It’s noon on a Friday, and while most people are halfway through their last workday of the week, music photographer Michael Haight is just starting. Haight’s routine begins with a cup of coffee, followed by a quick workout at the gym before returning home to sift through photographs needing to be edited. He’ll be in post-production up until it’s time to head out for the night—documenting Orange County’s music scene with just a flash and a Cannon 60D in tow.
“I try to keep a rigid schedule,” Haight says as he settles into a rhythm that, he says, “gives me structure.”
In a time in which pretty much anybody can take great photos, it’s become more about executing a visual concept or focus that sets you apart. Haight’s photography embodies a surreal visual style that has a way of not only stopping time, but also crystallizing energy. He produces dynamic images of lucid color that illustrate the DIY scene that drives him, including everyone from the LA punk band Side Eyes, Melted and VAJJ to the mighty Kim and the Created.
He double-majored in photography and film at Chapman University. But Haight wasn’t as inspired by film as he was by photography, especially the black-and-white works of Anton Corbijn. “I wanted to do cinematography, but I didn’t like film people,” he says. “I thought they were all kind of douchey, so I gravitated to the photography department.” Looking carefully at his snapshots, you can see subconscious cinematic elements.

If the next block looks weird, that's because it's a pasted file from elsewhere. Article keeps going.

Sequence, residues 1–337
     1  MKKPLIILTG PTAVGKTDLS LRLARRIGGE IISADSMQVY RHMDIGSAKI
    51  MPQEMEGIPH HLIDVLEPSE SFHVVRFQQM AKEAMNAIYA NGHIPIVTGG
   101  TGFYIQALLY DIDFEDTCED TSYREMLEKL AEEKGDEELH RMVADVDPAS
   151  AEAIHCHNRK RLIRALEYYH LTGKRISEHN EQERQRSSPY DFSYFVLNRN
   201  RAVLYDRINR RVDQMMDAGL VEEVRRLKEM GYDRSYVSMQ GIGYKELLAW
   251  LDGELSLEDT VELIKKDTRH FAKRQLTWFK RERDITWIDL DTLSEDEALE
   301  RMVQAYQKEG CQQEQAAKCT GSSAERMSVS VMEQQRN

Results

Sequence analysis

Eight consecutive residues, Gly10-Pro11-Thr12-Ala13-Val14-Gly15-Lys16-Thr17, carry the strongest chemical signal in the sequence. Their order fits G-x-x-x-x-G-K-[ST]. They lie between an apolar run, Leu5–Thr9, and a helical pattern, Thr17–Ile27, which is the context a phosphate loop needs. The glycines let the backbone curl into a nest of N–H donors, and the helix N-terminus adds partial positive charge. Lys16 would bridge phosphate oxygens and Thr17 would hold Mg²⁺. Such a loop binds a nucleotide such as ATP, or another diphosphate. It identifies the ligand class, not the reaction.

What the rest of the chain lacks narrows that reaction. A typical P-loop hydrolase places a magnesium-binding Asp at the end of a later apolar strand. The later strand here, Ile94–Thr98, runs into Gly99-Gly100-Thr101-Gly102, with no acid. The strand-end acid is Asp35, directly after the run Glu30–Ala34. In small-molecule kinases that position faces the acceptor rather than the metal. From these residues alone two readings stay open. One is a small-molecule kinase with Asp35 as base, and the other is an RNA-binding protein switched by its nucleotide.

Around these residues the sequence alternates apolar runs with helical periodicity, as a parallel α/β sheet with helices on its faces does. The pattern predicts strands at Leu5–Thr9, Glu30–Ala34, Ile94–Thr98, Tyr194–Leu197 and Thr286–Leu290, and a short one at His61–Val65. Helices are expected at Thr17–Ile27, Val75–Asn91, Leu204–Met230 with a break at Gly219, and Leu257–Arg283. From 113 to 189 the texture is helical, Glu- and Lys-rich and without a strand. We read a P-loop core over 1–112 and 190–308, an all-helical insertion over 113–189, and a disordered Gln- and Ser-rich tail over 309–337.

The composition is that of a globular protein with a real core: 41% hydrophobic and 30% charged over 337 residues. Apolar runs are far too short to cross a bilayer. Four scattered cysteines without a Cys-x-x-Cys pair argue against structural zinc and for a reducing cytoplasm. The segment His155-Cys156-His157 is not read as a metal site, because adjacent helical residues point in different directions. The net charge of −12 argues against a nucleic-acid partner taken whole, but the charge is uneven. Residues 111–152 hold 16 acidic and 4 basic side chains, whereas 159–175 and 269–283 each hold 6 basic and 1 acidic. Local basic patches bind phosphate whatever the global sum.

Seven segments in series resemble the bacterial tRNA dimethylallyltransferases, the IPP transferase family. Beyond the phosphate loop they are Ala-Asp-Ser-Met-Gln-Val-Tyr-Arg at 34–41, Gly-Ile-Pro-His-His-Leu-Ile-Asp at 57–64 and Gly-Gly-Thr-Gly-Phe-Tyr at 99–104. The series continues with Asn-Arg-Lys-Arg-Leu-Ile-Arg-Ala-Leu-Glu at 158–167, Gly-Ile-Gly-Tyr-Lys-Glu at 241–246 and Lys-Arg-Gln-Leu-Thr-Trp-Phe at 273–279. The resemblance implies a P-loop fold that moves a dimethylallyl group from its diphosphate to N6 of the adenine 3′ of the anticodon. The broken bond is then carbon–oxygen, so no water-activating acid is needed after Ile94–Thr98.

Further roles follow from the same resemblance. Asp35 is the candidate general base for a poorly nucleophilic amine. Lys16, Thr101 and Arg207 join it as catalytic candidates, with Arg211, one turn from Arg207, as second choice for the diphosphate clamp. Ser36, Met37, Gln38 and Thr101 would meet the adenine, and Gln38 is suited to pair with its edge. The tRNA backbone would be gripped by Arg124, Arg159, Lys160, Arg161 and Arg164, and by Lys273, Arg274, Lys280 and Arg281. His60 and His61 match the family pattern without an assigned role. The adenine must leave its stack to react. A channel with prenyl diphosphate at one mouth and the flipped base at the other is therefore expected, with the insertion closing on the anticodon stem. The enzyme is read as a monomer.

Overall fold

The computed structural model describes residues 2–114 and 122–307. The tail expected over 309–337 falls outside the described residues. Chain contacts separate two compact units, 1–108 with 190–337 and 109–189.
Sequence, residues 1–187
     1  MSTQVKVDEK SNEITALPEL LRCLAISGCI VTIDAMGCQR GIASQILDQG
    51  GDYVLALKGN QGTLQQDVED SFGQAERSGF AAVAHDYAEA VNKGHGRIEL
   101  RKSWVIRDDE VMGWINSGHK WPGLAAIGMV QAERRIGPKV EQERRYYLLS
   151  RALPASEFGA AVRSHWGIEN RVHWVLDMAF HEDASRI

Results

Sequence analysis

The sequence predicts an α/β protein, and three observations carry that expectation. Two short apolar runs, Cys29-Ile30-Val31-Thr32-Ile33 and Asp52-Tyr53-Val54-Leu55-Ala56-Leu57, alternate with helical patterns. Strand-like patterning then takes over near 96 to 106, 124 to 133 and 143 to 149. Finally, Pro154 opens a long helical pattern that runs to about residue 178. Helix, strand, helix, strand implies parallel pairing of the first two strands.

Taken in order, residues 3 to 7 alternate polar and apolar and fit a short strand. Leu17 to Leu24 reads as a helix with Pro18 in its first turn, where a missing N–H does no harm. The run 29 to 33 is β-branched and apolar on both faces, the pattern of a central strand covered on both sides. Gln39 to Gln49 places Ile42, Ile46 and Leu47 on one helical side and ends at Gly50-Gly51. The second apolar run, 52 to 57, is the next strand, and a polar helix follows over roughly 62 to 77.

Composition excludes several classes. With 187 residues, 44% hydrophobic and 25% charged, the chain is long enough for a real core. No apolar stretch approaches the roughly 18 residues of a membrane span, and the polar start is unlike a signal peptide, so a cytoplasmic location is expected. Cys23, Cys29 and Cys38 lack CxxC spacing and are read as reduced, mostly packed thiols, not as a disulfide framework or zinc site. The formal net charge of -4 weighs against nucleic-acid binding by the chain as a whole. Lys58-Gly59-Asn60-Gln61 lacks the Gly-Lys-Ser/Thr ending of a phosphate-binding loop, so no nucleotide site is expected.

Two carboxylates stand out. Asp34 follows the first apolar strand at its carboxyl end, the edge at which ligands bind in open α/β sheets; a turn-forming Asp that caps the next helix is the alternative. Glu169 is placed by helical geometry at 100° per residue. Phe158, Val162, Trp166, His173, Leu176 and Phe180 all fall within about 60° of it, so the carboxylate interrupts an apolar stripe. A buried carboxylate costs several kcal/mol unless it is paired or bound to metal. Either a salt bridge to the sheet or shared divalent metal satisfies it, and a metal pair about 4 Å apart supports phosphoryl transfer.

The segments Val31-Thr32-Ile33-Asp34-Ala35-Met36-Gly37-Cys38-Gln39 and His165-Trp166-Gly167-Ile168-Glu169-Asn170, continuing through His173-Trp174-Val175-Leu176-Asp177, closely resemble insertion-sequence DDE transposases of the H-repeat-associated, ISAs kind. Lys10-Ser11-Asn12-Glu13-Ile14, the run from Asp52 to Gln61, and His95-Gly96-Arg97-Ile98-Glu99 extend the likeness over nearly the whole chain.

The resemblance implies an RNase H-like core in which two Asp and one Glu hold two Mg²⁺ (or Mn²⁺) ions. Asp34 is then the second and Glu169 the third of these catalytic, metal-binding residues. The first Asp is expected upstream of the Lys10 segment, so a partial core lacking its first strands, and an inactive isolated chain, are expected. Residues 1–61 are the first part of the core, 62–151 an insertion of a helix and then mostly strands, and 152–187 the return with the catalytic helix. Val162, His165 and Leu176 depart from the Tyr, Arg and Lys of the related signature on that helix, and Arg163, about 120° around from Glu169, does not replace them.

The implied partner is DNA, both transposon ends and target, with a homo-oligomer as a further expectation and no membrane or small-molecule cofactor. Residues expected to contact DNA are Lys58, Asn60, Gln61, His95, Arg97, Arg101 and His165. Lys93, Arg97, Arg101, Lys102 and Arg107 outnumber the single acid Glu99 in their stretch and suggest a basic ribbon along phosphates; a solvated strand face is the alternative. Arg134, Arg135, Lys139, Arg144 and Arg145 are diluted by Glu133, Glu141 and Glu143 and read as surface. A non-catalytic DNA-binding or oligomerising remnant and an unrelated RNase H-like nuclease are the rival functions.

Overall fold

After graduating, Haight started working for Lifetouch (remember all your awkward yearbook photos?), assigned with the numbing task of photographing students until “one day I cracked and didn’t go into work,” he recalls. He filed for unemployment and used that time to get a digital camera, posting ads on Craigslist for portraits and weddings. And then he fell into events. “I had a friend who was an assistant event planner and their photographer was a no-show,” he says.
Corporate events would lead him to what he always set out to achieve: photographing bands. “I love music; I wanted to be in a band and it didn’t work out,” he says. “Photography was my way to be around it.” He started shooting concerts and, in time, found himself riding on the tour bus of a well-known artist. But for Haight, shooting big-name acts turned out to be a soulless venture.
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So he took a step back from the music scene. He credits his re-emergence to bands Kitten and Holy Child, specifically, his conversations with Holy Child’s Liz Nistico. He found his niche shooting DIY events such as the ones put on by Top Acid in Santa Ana, embracing the pure honesty and raw talent of the bands. “One of the aspects about DIY that I love so much is that people come from all walks of life and different backgrounds and gather in a room to be in the moment,” he says. “That’s what life is, being in the moment, and that’s what DIY shows are: Everyone is present.”
With talk of some Orange County DIY spots opening up in the new year, Haight says, he plans to do whatever he can to help make them successful. “If you want to do what you want in life, you have to sacrifice a lot of shit,” he says. “And music means more than anything in the world to me. I get that from DIY shows—they’re pure, and it’s everything that music should be.”